The Paris Wife is a fictionalized account of Hadley Richardson, the first wife of Ernest Hemingway. It chronicles Hadley meeting Ernest, their courtship, marriage and the eventual divorce. Paula McLain became interested in Hadley after reading Hemingway’s memoir ‘A Moveable Feast’ in which he says ‘he would rather have died than fallen in love with anyone but Hadley’.

“The Paris Wife”, named so as the couple moved to Paris after their marriage, is written in Hadley’s point of view. It gives us glimpses of Hadley’s not-so-rosy childhood where she was labeled as “weak” as she used to suffer from migraines often. She is leading a boring, monotonous life, waiting for some change to come along and thus enters Hemingway. After a few meetings, they live through the long-distance relationship phase and eventually get married.They move to Paris to break away from the routine life and also with the hope that Hemingway’s literary career can reach greater heights. We get to see the couple go through some rough patches and their utlimate divorce.

It is interesting to read some popular names like Scott Fitzgerald and how the writers lived their lives. It gets boring at times with a recollection of events like ‘we vacationed here’ and then ‘this happened’ etc. Hadley comes across as a very confident woman who knows what she wants in life. She supports Hemingway all through by giving enough space when needed and nudge him to work harder. I liked how clear headed and sorted out she was during the initial days of their marriage. The incident where she loses all of Hemingway’s work is heartbreaking. I felt a strong attachment with Hadley as the story progressed. I lost touch with Hadley when she narrates Hemingway’s affair with Pauline Pfeiffer. It is hard to believe that someone who was so confident all through the relationship turned so desperate to hold onto her man that she put up with sharing her bed (literally) with another woman.

Leaving aside Hemingway’s presence, this novel is like any other book about a couple. Hadley’s character stays with you for sometime, but apart from that, I didn’t take away anything from the book.

The Sweetness at the Bottom of the Pie

Title: The Sweetness at the Bottom of the Pie
Writers : Alan Bradley
Published: 2010
Genre: Fiction
My Rating: 3.5 on 5

I love reading mystery novels and have had my fair share so far. When you see a protagonist or a series being recommended by multiple people, you are inclined to try it out to see what the hype is all about. That is how I picked up The Sweetness at the Bottom of the Pie, which is the first book in the Flavia de Luce series written by Alan Bradley. This series is very different from the ones I have read in that the protagonist, our detective, is a 11-year old girl who is precocious and has a love for chemistry.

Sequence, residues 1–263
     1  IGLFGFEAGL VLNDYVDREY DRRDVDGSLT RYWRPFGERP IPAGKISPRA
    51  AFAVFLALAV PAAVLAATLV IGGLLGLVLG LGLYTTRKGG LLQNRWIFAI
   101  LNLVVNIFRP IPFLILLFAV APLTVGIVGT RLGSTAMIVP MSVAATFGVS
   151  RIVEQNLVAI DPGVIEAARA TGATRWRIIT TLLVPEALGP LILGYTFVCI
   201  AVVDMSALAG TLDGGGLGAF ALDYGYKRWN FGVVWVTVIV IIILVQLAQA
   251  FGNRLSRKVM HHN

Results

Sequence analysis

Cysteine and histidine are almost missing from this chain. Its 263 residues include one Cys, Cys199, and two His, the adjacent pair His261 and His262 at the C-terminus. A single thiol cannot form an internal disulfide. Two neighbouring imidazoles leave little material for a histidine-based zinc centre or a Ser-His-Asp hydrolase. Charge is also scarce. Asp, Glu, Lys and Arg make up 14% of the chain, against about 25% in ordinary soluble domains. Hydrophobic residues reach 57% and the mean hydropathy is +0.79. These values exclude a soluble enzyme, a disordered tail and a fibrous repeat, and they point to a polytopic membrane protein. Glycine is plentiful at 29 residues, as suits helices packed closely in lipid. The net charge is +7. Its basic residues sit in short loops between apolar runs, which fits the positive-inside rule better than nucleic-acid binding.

The book is about a murder that is committed at BuckShaw, the residence of the de Luces, and Flavia’s father Colonel de Luce is the primary suspect. It is up to Flavia to prove her father’s innocence and find the real culprit. The murder plot, motive and the way the mystery is solved – all these are very interesting. Bradley weaves in many interesting twists and turns to make the plot riveting. I liked the book, but I had a problem with our amatuer sleuth.

Don’t get me wrong, there is something very endearing about having a 11-year old girl as your detective who reaches the crime scenes before the police does and notices many things which they don’t. But the fact that she is privy to everything happening around the crime and she sneaks through the crime scenes under the inspector’s nose and more importantly, tampers with the evidence recklessly is hard to digest.

Flavia being the narrator of the book causes the book to jump from the murder to the little happenings in Flavia and her sister’s life. While Flavia comes across as intelligent and observant when she is onto the murder, we also see a glimpse of the vulnerable, innocent girl – the way most 11-year olds are when she describes her life with her sisters.

As a murder mystery novel, this book is interesting and worth a read, but if you are expecting a Shrelock Holmes or Poirot in our Flavia de Luce, then you might be disappointed. I know there are many Flavia de Luce fans out there, but she is somewhat unbelievable to me.